How foul is that fish?
By Faye Flam
Inquirer Staff Writer
The Philadelphia Inquirer
18th August 2003
Fish has long been touted as a near-perfect health food.
High in protein and brain-boosting nutrients, fish appears
to offer protection against heart disease, Alzheimer's disease
But now, some doctors and environmental groups are
warning that many fish also serve up a dangerous dose of
mercury. Some fish fanciers in California claim they have
gotten sick from eating too many mercury-laden fish, and
the National Academy of Sciences warns that thousands of
children are at risk for neurological damage because their
mothers ate too much of the wrong fish while pregnant.
As a result, some activists are pushing the Food and Drug
Administration to tighten mercury standards.
All of which leaves consumers in a quandary. Should they eat fish? If so, which fish? And how much? Is any amount of mercury safe? How much is dangerous?
The FDA and the Environmental Protection Agency had for years been using different safe levels, further confusing the issue, but they have recently aligned.
The agencies say one should consume, on average, no more than 0.1 microgram of mercury per kilogram of body weight per day. If you weigh 130 pounds, then one 6-ounce serving of swordfish, fresh tuna, shark or eight ounces of canned tuna in a given week could send you over that limit (though mercury levels vary from fish to fish within a species). Not that this mercury would stay with you forever; it lingers for a month or two before the body flushes it out.
The standards are designed to protect children and women who are pregnant or may become so, but the FDA has decided to use that standard for everyone.
Still, uncertainty looms behind that number. Asking pregnant women to give up fish is not the answer. A growing body of evidence suggests that the human brain, especially when it is developing, thrives on the omega-3 oils in fish.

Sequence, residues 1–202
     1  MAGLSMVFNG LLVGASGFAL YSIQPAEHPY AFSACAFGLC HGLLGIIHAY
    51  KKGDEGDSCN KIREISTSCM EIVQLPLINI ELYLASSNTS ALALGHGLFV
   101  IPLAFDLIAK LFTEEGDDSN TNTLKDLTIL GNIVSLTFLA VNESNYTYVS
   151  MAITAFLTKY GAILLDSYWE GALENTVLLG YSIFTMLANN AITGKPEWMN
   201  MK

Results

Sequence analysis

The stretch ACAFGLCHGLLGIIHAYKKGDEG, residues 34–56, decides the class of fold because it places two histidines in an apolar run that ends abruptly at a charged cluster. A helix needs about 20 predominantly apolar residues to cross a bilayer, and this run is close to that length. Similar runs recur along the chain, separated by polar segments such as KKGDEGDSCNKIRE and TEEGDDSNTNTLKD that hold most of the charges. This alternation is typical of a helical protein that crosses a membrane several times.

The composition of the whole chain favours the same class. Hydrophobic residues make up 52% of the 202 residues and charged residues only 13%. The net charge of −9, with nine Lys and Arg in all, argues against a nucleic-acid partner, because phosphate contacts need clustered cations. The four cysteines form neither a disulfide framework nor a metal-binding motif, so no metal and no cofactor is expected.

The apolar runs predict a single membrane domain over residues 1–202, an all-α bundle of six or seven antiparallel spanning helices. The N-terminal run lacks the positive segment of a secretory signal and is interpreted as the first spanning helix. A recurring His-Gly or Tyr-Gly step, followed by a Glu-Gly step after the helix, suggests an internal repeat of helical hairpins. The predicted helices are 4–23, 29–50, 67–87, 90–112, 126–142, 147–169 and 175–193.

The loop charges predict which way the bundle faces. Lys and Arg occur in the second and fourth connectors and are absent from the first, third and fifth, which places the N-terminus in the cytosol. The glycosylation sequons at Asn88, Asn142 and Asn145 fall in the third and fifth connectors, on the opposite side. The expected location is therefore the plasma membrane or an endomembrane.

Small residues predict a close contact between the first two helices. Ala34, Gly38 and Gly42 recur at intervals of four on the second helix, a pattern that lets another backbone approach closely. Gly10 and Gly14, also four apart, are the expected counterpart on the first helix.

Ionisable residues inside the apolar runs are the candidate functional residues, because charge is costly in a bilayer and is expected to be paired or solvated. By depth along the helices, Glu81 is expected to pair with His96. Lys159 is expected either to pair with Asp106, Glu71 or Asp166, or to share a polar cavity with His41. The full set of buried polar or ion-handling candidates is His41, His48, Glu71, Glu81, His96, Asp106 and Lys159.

Some anthropologists have suggested that eating fish helped prompt humanity's intellectual leap beyond our Neanderthal competitors about 30,000 years ago. And a recent study found that pregnant women who eat fish suffer less often from postpartum depression.
The FDA recommends that children and pregnant women avoid the four worst mercury sources - tilefish, shark, swordfish and king mackerel - and eat no more than 12 ounces a week of a variety of other fish.
That recommendation assumes that 12 ounces of fish would contain 42 micrograms of mercury - the safe limit for a 132-pound person.
Environmental groups such as the Mercury Policy Project criticize this recommendation because it is based on the average amount of mercury in fish and therefore assumes people will choose low-mercury fish such as sardines as well as more risky choices such as white albacore tuna, project spokesman Michael Bender said. If a woman gets her 12 ounces from canned albacore or red snapper, she could get 150 to 200 micrograms of mercury.
That 42 micrograms is safe is based on limited science and some educated guessing.
David Acheson, chief medical officer for the FDA, suggests that women who are pregnant or plan to become so need to find out which seafood items are lowest in mercury - for example, sardines, flounder, scallops and wild salmon - and stick with those. Canned light tuna has about a third as much mercury as white tuna.
Mercury is not new to the oceans. It comes naturally from volcanic activity and probably contaminated fish for millions of years. Today, coal burning and other human activities have increased the load.
The mercury itself is not so deadly, but once it gets into bodies of water, microscopic organisms convert it into an extraordinarily toxic form, called methylmercury. It gets concentrated in the flesh of the biggest, longest-living fish.
Methylmercury seems to cross the protective blood brain barrier by latching onto an amino acid and disguising itself as a substance the brain needs. In 1997, a 48-year-old chemist at Dartmouth got a drop of methylmercury on her gloved hand. A trace of the substance got through the glove, penetrated her skin, and killed her slowly over several months.